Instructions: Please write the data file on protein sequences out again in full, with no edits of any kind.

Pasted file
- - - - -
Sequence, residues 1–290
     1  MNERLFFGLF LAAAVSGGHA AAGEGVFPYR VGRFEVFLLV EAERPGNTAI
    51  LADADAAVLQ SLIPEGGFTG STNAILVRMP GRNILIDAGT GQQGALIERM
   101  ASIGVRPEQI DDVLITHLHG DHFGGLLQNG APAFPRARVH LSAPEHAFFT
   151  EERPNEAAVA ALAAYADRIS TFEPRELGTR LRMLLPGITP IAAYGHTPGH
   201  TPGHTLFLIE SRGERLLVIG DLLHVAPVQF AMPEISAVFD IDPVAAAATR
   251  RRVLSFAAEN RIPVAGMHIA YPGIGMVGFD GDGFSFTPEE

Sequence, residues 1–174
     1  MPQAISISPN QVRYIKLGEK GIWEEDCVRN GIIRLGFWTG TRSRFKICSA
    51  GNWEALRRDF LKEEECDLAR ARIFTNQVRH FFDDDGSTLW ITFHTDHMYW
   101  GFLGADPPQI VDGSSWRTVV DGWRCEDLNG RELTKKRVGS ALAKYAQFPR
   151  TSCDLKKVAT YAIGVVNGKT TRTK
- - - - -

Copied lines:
Sequence, residues 1–290
     1  MNERLFFGLF LAAAVSGGHA AAGEGVFPYR VGRFEVFLLV EAERPGNTAI
    51  LADADAAVLQ SLIPEGGFTG STNAILVRMP GRNILIDAGT GQQGALIERM
   101  ASIGVRPEQI DDVLITHLHG DHFGGLLQNG APAFPRARVH LSAPEHAFFT
   151  EERPNEAAVA ALAAYADRIS TFEPRELGTR LRMLLPGITP IAAYGHTPGH
   201  TPGHTLFLIE SRGERLLVIG DLLHVAPVQF AMPEISAVFD IDPVAAAATR
   251  RRVLSFAAEN RIPVAGMHIA YPGIGMVGFD GDGFSFTPEE

Sequence, residues 1–174
     1  MPQAISISPN QVRYIKLGEK GIWEEDCVRN GIIRLGFWTG TRSRFKICSA
    51  GNWEALRRDF LKEEECDLAR ARIFTNQVRH FFDDDGSTLW ITFHTDHMYW
   101  GFLGADPPQI VDGSSWRTVV DGWRCEDLNG RELTKKRVGS ALAKYAQFPR
   151  TSCDLKKVAT YAIGVVNGKT TRTK